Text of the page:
By Genalyn Kabiling and Chino Leyco
Canada is willing to pay for the shipping cost of decaying garbage back to its country as the Philippines moved to ban trash imports, Malacañang announced Tuesday.
President Duterte has given Canada until May 15 to retrieve its garbage after deciding the country will no longer accept trash imports during a Cabinet meeting Monday at the Palace, Presidential Spokesperson Salvador Panelo said.
“On the issue of garbage from Canada, the DFA (Department of Foreign Affairs) and the Department of Environment and Natural Resources noted that the Canadian government is committed to shouldering all the expenses to ship out all the 69 waste containers,” Panelo said.
“The President gave May 15 as the deadline. If they cannot get that, then we will be shipping them out and throw into the shores or beach of Canada,” he said in a later Palace press briefing.
Panelo noted that Canada appeared willing to get back its garbage following the statement made by the President. “From what I gather, kukunin daw nila kasi may nag-report doon (they will get the trash because someone reported it),” he said.
And to prevent the country from becoming a trash dump site, Panelo announced that the President has directed the Bureau of Customs not to allow the entry of garbage imports into the country.
“The President is firm that we are not garbage collectors, thus he ordered that the Philippines will no longer accept any waste from any country,” he said.
Preparing to ship out
Customs Commissioner Rey Leonardo Guerrero said all requirements and preparations on the part of the Philippine government have already been met to facilitate the re-export of 69 container vans containing wastes back to Canada by May 15.
However, despite the Philippine government’s readiness to re-export the wastes, the Canadian government informed that it might take weeks for them to arrange the necessary documents from their end and that they might not meet the May 15 deadline,” Guerrero said in his report to Finance Secretary Carlos G. Dominguez.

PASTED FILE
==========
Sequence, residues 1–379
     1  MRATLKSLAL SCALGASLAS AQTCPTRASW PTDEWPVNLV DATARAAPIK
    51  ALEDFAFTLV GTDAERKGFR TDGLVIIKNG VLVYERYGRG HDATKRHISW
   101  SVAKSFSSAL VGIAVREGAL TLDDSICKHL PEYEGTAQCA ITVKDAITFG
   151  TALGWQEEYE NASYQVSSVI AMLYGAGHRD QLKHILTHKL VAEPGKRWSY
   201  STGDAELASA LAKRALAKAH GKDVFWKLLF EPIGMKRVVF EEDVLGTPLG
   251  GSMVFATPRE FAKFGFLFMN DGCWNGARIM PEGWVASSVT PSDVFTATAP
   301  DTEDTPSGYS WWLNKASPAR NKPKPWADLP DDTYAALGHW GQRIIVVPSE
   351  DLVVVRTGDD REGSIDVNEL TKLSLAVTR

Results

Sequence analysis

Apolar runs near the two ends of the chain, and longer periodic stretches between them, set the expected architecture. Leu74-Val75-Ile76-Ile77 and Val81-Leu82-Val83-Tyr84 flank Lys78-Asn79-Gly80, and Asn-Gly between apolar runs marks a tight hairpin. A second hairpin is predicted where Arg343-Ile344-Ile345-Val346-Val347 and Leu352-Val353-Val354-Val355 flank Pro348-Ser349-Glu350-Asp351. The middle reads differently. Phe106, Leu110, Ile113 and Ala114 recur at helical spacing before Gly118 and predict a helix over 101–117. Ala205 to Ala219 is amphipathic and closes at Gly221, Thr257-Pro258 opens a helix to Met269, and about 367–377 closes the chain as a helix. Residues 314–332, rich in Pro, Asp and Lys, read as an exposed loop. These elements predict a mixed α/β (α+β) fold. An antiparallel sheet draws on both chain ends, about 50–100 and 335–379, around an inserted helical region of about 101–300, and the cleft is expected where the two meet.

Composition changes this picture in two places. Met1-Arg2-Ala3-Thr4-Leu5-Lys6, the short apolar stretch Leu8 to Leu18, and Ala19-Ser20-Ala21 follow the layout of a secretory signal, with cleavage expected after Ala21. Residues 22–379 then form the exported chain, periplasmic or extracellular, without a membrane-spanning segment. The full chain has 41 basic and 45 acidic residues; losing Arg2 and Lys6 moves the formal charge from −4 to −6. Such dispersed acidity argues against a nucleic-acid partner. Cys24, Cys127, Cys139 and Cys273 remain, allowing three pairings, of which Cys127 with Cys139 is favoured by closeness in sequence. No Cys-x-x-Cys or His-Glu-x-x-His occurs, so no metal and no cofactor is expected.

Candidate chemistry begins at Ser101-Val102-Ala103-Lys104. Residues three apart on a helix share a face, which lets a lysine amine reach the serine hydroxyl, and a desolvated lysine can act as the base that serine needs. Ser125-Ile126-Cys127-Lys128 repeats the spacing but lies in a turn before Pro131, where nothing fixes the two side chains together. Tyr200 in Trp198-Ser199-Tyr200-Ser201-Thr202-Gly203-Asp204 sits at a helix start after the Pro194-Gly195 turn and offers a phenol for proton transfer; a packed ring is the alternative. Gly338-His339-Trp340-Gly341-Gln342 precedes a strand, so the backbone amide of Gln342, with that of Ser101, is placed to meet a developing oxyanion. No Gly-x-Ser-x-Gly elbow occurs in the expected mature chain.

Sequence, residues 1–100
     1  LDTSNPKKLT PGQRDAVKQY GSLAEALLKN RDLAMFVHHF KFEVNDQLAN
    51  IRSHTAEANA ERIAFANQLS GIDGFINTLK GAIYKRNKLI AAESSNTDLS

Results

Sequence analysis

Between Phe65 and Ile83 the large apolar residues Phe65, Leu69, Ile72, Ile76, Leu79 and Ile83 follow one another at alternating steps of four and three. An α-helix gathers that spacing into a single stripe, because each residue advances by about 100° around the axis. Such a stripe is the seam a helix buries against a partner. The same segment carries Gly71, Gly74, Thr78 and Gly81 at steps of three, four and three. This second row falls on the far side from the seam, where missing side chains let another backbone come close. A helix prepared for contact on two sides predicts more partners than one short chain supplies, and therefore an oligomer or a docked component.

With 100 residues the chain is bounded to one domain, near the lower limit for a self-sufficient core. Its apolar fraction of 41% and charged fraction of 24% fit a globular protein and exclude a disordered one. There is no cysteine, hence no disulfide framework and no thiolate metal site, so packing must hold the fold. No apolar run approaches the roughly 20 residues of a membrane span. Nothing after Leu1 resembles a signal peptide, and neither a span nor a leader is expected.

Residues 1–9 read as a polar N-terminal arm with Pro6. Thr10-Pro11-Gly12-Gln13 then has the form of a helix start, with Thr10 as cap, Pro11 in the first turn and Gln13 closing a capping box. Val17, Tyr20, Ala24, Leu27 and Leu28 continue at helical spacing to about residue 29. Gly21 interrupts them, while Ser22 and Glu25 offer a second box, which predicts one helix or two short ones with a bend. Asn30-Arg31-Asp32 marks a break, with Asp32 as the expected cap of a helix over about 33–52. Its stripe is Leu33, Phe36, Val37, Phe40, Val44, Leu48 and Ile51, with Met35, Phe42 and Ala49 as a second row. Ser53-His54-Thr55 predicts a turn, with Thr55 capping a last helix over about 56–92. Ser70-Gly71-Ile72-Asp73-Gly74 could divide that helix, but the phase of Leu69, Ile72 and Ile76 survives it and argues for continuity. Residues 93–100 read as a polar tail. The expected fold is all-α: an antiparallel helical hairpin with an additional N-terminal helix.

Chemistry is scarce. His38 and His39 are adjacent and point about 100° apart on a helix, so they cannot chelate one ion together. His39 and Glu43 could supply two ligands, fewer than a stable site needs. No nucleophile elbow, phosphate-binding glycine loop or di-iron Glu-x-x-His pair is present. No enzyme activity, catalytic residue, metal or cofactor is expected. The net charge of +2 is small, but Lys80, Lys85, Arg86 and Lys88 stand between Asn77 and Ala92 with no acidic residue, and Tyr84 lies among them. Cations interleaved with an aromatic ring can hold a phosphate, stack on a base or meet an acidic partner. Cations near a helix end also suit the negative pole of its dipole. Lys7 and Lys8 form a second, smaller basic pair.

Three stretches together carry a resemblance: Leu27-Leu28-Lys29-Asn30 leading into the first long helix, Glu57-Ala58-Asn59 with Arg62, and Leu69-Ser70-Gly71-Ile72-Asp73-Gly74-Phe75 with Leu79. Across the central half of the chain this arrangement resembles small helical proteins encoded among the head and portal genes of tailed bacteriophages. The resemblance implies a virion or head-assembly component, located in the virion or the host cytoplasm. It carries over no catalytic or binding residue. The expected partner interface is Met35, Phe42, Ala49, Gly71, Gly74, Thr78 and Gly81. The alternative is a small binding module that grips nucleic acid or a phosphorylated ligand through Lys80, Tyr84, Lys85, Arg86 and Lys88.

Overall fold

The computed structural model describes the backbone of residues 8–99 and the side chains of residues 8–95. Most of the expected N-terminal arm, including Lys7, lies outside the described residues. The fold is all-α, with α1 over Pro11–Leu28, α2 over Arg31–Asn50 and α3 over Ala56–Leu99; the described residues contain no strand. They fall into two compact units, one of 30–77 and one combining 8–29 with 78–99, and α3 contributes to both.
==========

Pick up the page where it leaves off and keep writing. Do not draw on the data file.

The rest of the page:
Guerrero said the Canadian documents pertain to import permits and the bidding of fumigation services for the containers, which Canada has agreed to pay. The Canadian government said these documents could take “a couple of weeks” to process.
The 69 container vans were what remained of the 103 container vans of garbage from Canada that were dumped in the ports of Subic and Manila in 2013 and 2014. Thirty-four of the containers were already disposed of. According to news reports, charges have been filed against the importer, broker and other individuals involved in bringing the shipment of trash to the Philippines.
A letter sent by Canada’s Assistant Deputy Minister for Global Affairs Donald Bobiash and Associate Assistant Deputy Minister Helen Ryan to DENR Undersecretary Juan Miguel Cuna last April 24 confirmed the Canadian government’s commitment to “cover the costs of, and make the necessary arrangements to bring the waste materials contained in the 69 containers that remain in the Ports of Subic and Manila back to Canada, and to manage their disposal in Canada.”
On May 3, the two sides agreed that the DENR will shoulder the costs of inspection to determine the seaworthiness of the containers of wastes, while Canada will shoulder the costs of fumigation and the transfer/trucking services.
The environmental group EcoWaste Coalition welcomed the assurance of the Canadian government to pay for the shipping cost of the garbage. (With a report from Chito A. Chavez)